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Lyme Disease & CFS

Posted Sep 24 2008 12:25pm
I just came from my doctor's appointment and wanted to share what's going on with me, as well as some resources on Lyme Disease. I thought I knew a lot about Lyme, but I'm learning there's a lot I didn't know. I'm very fortunate to have met someone online who just happens to live nearby and share my doctor and has struggled with Lyme and other tick-borne infections in herself and her son for many years. She's also been a Lyme support group leader for five years. She's been in invaluable source of information and support.

As of today, I have been on antibiotics (doxycycline) for a month to treat the Lyme. I've improved a little bit during that time, though not nearly as much as I had hoped for. I still have knee pain - still severe at times, especially in the evenings - and my CFS symptoms are still worse than they were before Lyme.

One thing I've learned is that Lyme and CFS are even more similar than I previously thought. My new Lyme friend explained to me that Lyme often causes viral re-activation - just like CFS! Because of this, many Lyme patients take anti-virals, like Valtrex or Famvir, in addition to antibiotics. In fact, after my first two weeks on abx, I felt worse than ever. When I learned about Lyme causing viral activation, I filled a prescription I had been holding for Famvir (my Infectious Disease doctor suggested I try it after I finished my 18 months of Valtrex on August 1). Voila! I felt much better within hours of starting the anti-viral.

I thought that joint pain was an early symptom of Lyme disease, but I've recently learned it's actually a symptom of Stage 2 or 3 Lyme disease. Here's the NIH summary of Primary Lyme Disease, Stage 2, and Stage 3. The odd thing is that knee pain was my first symptom. Normally, a person with Lyme first experiences flu-like symptoms. It's easy to see how this could be confused with the flu-like symptoms of CFS, but I actually felt great in the weeks before my knee pain started. I can only guess that my CFS-messed up immune system made me respond differently and obscured those typical early signs of Lyme.

In fact, it can be extremely difficult to differentiate between CFS and Lyme, which is why many people are misdiagnosed. To make matters even more confusing, it is not only possible but fairly common to have BOTH Lyme and CFS since Lyme is a known trigger for CFS. I've learned I'm no expert, but here are a few things that can help to distinguish between Lyme and CFS:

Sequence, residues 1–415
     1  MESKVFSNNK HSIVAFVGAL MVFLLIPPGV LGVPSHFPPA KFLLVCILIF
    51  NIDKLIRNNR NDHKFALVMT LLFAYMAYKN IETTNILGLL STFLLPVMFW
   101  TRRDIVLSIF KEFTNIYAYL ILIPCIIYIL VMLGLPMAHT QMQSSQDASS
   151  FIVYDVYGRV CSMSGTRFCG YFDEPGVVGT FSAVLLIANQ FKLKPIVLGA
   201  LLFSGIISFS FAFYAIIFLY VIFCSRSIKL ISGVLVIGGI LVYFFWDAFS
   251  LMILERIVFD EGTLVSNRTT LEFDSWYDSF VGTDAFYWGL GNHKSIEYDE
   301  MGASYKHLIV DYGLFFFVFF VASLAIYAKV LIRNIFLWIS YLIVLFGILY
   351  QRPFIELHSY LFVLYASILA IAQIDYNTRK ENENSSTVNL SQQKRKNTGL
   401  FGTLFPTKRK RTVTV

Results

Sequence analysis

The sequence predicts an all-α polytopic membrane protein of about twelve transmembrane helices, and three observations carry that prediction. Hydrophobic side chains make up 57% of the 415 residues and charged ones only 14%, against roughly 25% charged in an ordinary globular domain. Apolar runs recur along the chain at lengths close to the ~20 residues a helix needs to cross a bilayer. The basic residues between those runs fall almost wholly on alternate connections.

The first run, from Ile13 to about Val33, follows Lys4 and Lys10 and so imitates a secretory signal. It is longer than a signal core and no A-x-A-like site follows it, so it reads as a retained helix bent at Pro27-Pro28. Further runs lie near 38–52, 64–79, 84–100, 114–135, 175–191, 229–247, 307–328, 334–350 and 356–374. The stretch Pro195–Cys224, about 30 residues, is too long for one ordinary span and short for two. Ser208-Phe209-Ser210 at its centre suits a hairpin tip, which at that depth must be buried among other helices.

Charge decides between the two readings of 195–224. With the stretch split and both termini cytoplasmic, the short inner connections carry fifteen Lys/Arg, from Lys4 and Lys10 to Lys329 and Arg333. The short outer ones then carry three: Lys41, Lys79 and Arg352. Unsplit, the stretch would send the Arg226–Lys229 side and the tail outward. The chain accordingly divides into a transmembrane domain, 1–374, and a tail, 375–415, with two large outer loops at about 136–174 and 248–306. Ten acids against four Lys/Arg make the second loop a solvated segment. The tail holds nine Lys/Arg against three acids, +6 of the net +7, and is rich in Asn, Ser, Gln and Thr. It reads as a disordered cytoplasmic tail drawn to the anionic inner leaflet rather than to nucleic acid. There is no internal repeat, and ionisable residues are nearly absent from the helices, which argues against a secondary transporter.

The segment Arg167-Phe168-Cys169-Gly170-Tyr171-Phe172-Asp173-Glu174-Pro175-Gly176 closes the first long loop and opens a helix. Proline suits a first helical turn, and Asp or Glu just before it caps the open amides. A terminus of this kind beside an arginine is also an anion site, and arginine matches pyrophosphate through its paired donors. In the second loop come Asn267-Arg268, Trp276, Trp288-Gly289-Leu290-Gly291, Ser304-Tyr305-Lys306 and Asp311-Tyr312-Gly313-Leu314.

• CFS often (but not always) occurs in a unique relapsing-remitting pattern, where you feel good on some days but even mild exertion can trigger a crash.
  • CFS often includes a recurring sore throat and/or swollen glands
  • CFS is partly defined by exercise intolerance
  • Lyme will not get better without treatment - it will get progressively worse
  • Lyme responds to antibiotics
  • Although joint pain is one of many symptoms that can be a part of CFS, if joint pain is one of the most prominent symptoms, Lyme should be considered.
Some people have asked me whether I might have had Lyme all along, but for me, it was obvious when I recently got Lyme because the knee pain started very abruptly and was a new symptom. Also, through various therapies, medications, and carefully monitoring my activity level, my symptoms have improved over the past 6 years. Most recently, due to anti-virals and low-dose naltrexone, I was actually doing very well for the first 7 months of this year. If I had had Lyme all along, I would have gotten worse, not better. Besides, I was mis-diagnosed with Lyme when I first got sick 6 years ago and had tried 90 days of antibiotics with absolutely no change in my symptoms at all.

So, to address some of the questions I've been getting lately, here are some resources for those who want to learn more about Lyme, thanks to my friendly Lyme expert:
The plan for me is to continue doxycycline for another month. If I'm not better after another week, my doctor is going to add on another antibiotic, on the assumption that another tick-borne infection may be present. She's also given me lab slips to have additional blood tests done for common Lyme co-infections, though she recognizes that the tests are not always accurate (which is why she'll go ahead and treat anyway). So, hopefully, I'll continue to improve, although I'll admit that I'm very scared that Lyme may cause long-term worsening of my CFS. I just have to wait and see.

Resting and waiting...something I should be used to, right?
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